De Saussure, Horace Bénédict
Horace Bénédict de Saussure (1740-1799), a Swiss physicist, geologist, and early Alpine explorer, invented the heliothermometer (1767), an instrument for measuring solar radiation. This instrument was an early forerunner to modern solar radiation measurement devices. De Saussure also built numerous “hot boxes”, miniature greenhouses made of wood with glass covers that trapped the sun’s energy. Studies based on the hot box led de Saussure to hypothesize that it was cooler in the mountains than in lower-lying regions because, although the same amount of sunlight strikes the mountains as the flat lands, because the air in the mountains is more transparent it cannot trap as much solar heat.
De Saussure’s hot box served as a model for nineteenth-century scientists demonstrating the relationship of the sun to the earth and its atmosphere. The hot box became the prototype for the solar collectors capable of cooking food, heating homes, and producing hot water. He also developed numerous other instruments, including the manometer, cyanometer, diaphonometer, anemometer and mountain eudiometer, the first electrometer (1766), a device for measuring electric potential by means of attraction or repulsion of charged bodies, and the first hygrometer, utilizing a human hair to measure humidity (1783).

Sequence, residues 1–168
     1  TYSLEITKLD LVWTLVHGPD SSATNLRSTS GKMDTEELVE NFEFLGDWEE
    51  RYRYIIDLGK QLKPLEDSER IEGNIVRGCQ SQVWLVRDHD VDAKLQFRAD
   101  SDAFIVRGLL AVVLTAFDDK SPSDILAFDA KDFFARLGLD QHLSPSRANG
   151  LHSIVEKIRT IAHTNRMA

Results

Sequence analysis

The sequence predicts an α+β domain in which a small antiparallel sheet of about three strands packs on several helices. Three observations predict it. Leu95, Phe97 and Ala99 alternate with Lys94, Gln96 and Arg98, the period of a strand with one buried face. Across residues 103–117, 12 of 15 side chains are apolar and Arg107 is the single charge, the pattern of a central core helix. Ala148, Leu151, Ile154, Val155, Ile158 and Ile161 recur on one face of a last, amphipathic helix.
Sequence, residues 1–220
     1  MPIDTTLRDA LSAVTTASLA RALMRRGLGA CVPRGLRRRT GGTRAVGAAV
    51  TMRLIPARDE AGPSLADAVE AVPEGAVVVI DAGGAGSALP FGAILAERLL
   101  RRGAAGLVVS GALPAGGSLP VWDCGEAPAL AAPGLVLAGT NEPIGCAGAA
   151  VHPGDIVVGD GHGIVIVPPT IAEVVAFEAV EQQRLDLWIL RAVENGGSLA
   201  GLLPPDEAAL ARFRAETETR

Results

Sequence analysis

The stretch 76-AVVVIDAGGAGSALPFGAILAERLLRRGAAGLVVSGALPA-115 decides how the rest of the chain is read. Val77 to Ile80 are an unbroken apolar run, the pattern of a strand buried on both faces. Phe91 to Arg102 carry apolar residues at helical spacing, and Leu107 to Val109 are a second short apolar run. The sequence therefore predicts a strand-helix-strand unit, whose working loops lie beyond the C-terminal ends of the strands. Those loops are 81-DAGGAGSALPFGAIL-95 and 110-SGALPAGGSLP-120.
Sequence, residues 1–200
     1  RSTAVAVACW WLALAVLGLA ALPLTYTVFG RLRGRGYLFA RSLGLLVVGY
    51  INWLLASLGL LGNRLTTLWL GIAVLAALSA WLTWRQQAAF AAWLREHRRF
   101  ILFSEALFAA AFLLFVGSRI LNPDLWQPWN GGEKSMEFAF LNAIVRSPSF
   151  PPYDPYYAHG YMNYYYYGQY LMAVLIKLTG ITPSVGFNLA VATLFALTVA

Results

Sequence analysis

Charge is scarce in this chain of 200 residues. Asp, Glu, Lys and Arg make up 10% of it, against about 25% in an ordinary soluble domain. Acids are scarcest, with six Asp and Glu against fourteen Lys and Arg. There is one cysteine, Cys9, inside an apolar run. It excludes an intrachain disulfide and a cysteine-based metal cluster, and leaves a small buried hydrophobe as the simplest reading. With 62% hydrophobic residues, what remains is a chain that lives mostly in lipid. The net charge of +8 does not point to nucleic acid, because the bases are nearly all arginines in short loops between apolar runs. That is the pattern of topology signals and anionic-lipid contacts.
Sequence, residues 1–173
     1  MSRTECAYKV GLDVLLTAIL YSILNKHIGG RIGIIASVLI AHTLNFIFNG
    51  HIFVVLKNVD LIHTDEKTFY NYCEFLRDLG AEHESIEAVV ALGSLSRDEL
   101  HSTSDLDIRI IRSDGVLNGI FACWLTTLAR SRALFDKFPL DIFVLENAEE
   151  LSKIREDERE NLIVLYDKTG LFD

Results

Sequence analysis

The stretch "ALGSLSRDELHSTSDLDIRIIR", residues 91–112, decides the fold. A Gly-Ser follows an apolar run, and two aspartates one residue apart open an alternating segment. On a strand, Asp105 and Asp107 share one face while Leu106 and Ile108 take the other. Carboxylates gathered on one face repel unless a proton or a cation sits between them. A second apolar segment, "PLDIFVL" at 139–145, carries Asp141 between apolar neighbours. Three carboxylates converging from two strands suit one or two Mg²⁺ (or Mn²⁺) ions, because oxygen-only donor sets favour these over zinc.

Horace Bénédict de Saussure - Biography (Hebrew University of Jerusalem, Institute of Chemistry)
Horace de Saussure and his Hot Boxes of the 1700's (Solar Cookers International)